Scherer takes thematic cartography one step further in the Geographia Politica and Geographia Naturalis. He produces maps that remove political boundaries, borders and place names, replacing them with the revolutionary concept for the period of showing the mountains and forests in physical relief with all of the major waterways and rivers systems clearly depicted. Scherer may have drawn in part from the earlier influence of another 17th century Jesuit writer Athanathius Kircher, who published one of the earliest thematic maps showing the ocean currents, mountain ranges and active volcanoes of the world in his Mundus Subterraneus in 1665; and from the similar late 17th century work of the German Eberhart Werner Happel. In this respect Scherer’s Atlas forms an important milestone in the development of scientific and thematic cartography, providing a remarkable and revolutionary alternative vision of the world in showing only its major physical and topographical features.

In many other respects Scherer was more conservative, notably in terms of the cartographic content of his maps that appear to be drawn from standard contemporary sources. On all of his maps featuring North America, California is always shown as an island, albeit on a number of slightly different contemporary models. The theory of an insular California predominated on maps of the 17th and early 18th century and was derived from incomplete and inaccurate surveys of the American west coast and Baja Gulf undertaken by Spanish navigators at the turn of the 17th century. An insular California first appeared in printed form on Henry Briggs’ English map of North America published in Samuel Purchas’ Purchas His Pilgrimes in London in 1625 (#461).


       Almost contemporaneously with the production of Scherer’s maps, in 1701 the Jesuit missionary Father Eusebio Kino travelled across Northern Baja California by land, thereby disproving the insular theory. However it took another fifty years for Kino’s discoveries to receive official Spanish approbation and for this peculiar misconception to disappear from printed maps.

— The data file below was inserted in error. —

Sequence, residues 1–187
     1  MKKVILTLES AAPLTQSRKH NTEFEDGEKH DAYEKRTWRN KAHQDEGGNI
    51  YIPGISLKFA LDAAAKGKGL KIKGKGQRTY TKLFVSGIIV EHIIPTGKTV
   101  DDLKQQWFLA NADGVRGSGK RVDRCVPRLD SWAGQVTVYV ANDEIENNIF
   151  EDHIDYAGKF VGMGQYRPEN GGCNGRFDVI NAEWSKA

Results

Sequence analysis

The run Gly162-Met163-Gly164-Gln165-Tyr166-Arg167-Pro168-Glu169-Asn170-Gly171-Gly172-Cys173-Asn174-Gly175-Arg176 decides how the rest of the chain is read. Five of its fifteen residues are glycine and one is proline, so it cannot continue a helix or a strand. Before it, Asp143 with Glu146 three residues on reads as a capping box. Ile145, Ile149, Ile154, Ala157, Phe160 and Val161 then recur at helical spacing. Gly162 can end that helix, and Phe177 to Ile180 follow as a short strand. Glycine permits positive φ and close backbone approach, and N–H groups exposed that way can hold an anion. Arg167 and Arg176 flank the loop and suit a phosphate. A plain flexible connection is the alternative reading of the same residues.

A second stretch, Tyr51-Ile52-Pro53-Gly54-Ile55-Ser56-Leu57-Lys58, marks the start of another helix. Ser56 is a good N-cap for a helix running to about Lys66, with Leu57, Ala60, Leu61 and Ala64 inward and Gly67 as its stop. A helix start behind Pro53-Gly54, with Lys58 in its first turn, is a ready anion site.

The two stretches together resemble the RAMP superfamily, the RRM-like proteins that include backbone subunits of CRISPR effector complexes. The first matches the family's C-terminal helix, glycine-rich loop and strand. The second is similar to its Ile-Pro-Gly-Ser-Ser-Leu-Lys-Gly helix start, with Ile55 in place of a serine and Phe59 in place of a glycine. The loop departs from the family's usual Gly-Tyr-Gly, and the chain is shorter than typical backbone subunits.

Another feature of his depiction of North America is the mis-location of the Mississippi river and delta some 600 miles too far to the West. This misinformation was based on the latest reports of French Jesuit missionaries in North America and first recorded by French cartographer Jean Baptiste Franquelin in the 1680s. An apparent confusion with the Rio Grande River.

Scherer’s maps are also notable the strange shape given to the islands of Japan which bears little resemblance to any other contemporary models. The only similar precursor which may have been a model for Scherer was a peculiar small map of Japan produced by Dutchman Francois Caron in his description of Japan in 1661. This latter map did show the main island of Honshu and northern island of Hokkaido joined by a narrow isthmus but with Hokkaido also forming part of the Asian mainland. On Scherer’s maps the two smaller Japanese islands of Kyushu and Shikoku are well depicted, however Honshu is shown joined by a narrow isthmus at its northern point to a bulbous-shaped northern Japanese Island of Hokkaido. This is all the more peculiar because Scherer also includes the important discoveries made by the Dutch navigator Maarten Vries undertaken during an expedition to Northern Japan and the Kurile Islands in 1643 - the first accurate European surveys of this region. Vries had actually charted the southern coasts of Hokkaido (Iezo/Iedso) to the north of Honshu and recognized that it was a completely separate landmass. He also surveyed the most southerly of the Kurile islands, which he named Staten Eyland (after the Dutch Estates General or Parliament) and Compagnies Land (after the Dutch East India Company who were the backers of the expedition). Vries had actually only surveyed the western coasts of Compagnies Land, so that its eastern extent remained unknown until the French expedition of La Perouse to North East Asia in the 1790s. Many mapmakers contemporary to Scherer believed in the possibility of Compagnies Land extending across the whole of the North Pacific to the west coast of America. Scherer however remains more cautious showing only its western coastlines.